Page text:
This is then different from the kind of learning that a human artist does - humans don't only store a huge library of reference photos in their mind and interpolate between them, but they actually get a conceptual understanding of the world as well. Because of that, they could easily draw pictures even of things they've never seen before ("a dog wearing a baseball cap while eating ice cream" is the example used in the complaint). In contrast, systems like Stable Diffusion are limited to only being able to draw things that are a sufficiently close match to images they've already seen. In that sense, a human artist who draws the kind of a picture that would otherwise not have existed in SD's training set is much more directly enabling the system to draw those kinds of pictures, than they would be enabling another human artist to do the same. (Or so the argument goes.)

From the complaint:

Ho showed how a latent image could be interpolated—meaning, blended mathematically—to produce new derivative images. Rather than combine two images pixel by pixel—which gives unappealing results—Ho showed how Training Images can be stored in the diffusion model as latent images and then interpolated as a new latent image. This interpolated latent image can then be converted back into a standard pixel-based image.

The diagram below, taken from Ho’s paper, shows how this process works, and demonstrates the difference in results between interpolating pixels and interpolating latent images.

In the diagram, two photos are being blended: the photo on the left labeled “Source x0,” and the photo on the right labeled “Source x'0.”

The image in the red frame has been interpolated pixel by pixel, and is thus labeled “pixel-space interpolation.” This pixel-space interpolation simply looks like two translucent face images stacked on top of each other, not a single convincing face.

The image in the green frame, labeled “denoised interpolation”, has been generated differently. In that case, the two source images have been converted into latent images (illustrated by the crooked black arrows pointing upward toward the label “Diffused source”). Once these latent images have been interpolated (represented by the green dotted line), the newly interpolated latent image (represented by the smaller green dot) has been reconstructed into pixels (a process represented by the crooked green arrow pointing downward to a larger green dot). This process yields the image in the green frame. Compared to the pixel-space interpolation, the difference is apparent: the denoised blended interpolation looks like a single convincing human face, not an overlay or combination of images of two faces. [...]

Despite the difference in results, these two modes of interpolation are equivalent: they both generate derivative works from the source images. In the pixel-space interpolation (the red-framed image), the source images themselves are being directly interpolated to make a derivative image. In the denoised interpolation (the green-framed image), (1) the source images are being converted to latent images, which are lossy-compressed copies; (2) those latent images are being interpolated to make a derivative latent image; and then (3) this derivative latent image is decompressed back into a pixel-based image.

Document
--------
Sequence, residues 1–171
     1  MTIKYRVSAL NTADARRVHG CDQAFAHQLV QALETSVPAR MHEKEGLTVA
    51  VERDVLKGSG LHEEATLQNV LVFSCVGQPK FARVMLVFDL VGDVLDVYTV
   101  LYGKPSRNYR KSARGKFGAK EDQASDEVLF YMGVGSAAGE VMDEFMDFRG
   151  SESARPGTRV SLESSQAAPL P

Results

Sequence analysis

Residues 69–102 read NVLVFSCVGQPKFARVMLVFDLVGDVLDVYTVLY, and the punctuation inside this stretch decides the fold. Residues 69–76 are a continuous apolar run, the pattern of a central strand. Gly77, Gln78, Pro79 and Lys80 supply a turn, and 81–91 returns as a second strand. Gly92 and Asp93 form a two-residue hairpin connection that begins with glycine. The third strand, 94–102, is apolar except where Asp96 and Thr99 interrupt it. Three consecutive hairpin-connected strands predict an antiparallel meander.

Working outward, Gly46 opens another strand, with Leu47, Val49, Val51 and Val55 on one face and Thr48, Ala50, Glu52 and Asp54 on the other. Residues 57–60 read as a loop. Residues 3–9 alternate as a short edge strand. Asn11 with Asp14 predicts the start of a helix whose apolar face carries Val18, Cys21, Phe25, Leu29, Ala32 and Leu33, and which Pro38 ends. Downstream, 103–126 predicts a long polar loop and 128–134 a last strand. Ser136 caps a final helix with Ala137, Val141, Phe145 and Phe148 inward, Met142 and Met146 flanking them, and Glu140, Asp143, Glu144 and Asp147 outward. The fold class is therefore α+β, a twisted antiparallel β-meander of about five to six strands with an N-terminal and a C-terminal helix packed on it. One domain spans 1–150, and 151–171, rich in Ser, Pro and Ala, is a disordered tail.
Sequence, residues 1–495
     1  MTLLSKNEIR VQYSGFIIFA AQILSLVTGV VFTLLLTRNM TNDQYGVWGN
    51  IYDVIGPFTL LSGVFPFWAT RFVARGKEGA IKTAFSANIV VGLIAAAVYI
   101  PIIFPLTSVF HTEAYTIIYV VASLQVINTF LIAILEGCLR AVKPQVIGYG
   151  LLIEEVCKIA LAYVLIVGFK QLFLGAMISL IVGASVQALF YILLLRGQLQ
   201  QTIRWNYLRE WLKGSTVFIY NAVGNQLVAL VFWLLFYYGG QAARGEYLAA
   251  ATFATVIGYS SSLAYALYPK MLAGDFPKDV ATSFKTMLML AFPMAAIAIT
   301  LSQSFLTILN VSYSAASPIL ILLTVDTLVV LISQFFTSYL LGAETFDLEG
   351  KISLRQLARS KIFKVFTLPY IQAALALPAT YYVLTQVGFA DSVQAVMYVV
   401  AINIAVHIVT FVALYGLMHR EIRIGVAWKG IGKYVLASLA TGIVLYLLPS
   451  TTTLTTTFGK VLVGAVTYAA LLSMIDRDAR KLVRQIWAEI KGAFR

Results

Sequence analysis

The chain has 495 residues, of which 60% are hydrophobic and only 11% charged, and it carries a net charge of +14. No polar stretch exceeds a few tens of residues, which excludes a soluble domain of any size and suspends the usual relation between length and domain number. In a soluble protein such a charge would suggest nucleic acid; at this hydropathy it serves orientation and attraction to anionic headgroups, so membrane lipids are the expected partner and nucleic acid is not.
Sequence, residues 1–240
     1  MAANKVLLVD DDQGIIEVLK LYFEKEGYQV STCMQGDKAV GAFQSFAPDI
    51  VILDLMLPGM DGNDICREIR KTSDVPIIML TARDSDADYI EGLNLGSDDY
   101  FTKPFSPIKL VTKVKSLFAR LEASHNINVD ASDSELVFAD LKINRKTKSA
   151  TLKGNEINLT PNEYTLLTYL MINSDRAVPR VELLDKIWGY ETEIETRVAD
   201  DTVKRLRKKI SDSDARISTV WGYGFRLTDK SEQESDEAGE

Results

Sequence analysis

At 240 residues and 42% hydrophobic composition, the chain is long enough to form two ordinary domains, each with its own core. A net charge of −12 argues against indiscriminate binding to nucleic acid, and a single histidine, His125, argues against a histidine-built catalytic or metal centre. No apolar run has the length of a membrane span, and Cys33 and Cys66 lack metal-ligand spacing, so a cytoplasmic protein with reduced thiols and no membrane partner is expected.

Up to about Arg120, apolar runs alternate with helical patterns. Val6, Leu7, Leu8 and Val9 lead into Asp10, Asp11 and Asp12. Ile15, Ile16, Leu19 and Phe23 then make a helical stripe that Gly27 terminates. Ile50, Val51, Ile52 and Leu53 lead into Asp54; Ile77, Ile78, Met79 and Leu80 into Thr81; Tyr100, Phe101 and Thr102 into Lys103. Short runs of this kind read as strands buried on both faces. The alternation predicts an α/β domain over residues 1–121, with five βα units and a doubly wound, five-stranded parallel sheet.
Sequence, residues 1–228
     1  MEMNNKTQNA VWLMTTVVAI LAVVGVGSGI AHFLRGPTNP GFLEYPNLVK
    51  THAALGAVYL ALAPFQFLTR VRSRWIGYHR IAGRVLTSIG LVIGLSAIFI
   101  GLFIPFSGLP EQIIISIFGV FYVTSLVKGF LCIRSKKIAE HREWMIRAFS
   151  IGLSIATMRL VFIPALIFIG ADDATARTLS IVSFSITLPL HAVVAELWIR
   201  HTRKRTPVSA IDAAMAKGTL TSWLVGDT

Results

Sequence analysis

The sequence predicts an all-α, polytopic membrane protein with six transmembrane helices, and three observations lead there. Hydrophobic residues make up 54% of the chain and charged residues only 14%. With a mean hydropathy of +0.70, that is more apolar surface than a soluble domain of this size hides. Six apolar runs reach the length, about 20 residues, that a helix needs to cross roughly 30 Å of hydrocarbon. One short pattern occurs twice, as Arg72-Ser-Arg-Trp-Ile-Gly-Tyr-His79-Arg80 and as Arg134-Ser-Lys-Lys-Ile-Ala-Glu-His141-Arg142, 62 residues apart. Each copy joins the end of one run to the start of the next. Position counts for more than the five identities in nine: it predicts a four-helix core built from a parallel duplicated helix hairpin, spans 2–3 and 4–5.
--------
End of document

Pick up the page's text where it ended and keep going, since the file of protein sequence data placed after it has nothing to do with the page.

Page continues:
In April 2022, the diffusion technique was further improved by a team of researchers led by Robin Rombach at Ludwig Maximilian University of Munich. These ideas were introduced in his paper “High-Resolution Image Synthesis with Latent Diffusion Models.”

Rombach is also employed by Stability as one of the primary developers of Stable Diffusion, which is a software implementation of the ideas in his paper.

Rombach’s diffusion technique offered one key improvement over previous efforts. Rombach devised a way to supplement the denoising process by using extra information, so that latent images could be interpolated in more complex ways. This process is called conditioning. The most common tool for conditioning is short text descriptions, previously introduced as Text Prompts, that might describe elements of the image, e.g.—“a dog wearing a baseball cap while eating ice cream”. This metric uses Text Prompts as conditioning data to select latent images that are already associated with text captions indicating they contain “dog,” “baseball cap,” and “ice cream.” The text captions are part of the Training Images, and were scraped from the websites where the images themselves were found.

The resulting image is necessarily a derivative work, because it is generated exclusively from a combination of the conditioning data and the latent images, all of which are copies of copyrighted images. It is, in short, a 21st-century collage tool.

The result of this conditioning process may or may not be a satisfying or accurate depiction of the Text Prompt. Below is an example of output images from Stable Diffusion (via the DreamStudio app) using this Text Prompt—“a dog wearing a baseball cap while eating ice cream”. All these dogs in the resulting images seem to be wearing baseball hats. Only the one in the lower left seems to be eating ice cream. The two on the right seem to be eating meat, not ice cream.